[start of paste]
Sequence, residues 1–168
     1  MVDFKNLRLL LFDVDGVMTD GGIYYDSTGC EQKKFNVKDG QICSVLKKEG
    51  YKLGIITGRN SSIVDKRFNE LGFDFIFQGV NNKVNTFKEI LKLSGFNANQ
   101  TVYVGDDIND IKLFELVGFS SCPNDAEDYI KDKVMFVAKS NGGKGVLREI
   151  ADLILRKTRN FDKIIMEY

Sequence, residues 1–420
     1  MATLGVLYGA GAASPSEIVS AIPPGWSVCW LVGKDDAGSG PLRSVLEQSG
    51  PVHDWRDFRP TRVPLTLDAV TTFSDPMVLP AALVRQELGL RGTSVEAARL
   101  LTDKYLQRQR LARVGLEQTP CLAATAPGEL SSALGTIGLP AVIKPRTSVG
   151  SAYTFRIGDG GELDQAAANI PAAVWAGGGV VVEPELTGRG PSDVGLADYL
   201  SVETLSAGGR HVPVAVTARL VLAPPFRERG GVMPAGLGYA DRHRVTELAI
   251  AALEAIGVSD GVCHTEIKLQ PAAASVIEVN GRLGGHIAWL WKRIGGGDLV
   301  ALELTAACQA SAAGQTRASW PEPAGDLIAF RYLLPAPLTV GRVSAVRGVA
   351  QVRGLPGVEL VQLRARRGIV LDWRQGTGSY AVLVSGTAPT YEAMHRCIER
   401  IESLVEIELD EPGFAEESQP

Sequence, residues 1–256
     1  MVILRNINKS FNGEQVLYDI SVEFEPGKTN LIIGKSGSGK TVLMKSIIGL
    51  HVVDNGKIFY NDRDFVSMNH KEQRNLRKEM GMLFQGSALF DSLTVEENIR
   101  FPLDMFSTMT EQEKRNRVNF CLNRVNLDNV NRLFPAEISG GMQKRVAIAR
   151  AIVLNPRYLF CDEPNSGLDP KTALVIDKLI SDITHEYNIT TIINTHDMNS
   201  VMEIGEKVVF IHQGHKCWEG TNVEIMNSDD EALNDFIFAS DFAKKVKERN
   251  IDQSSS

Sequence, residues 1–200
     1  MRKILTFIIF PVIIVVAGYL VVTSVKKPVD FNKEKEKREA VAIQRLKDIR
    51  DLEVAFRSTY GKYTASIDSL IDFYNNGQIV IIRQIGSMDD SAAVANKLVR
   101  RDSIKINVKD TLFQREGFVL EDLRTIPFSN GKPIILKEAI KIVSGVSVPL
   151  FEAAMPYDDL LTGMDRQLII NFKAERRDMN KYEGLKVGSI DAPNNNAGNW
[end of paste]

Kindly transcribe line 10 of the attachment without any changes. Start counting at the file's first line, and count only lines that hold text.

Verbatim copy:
   151  SAYTFRIGDG GELDQAAANI PAAVWAGGGV VVEPELTGRG PSDVGLADYL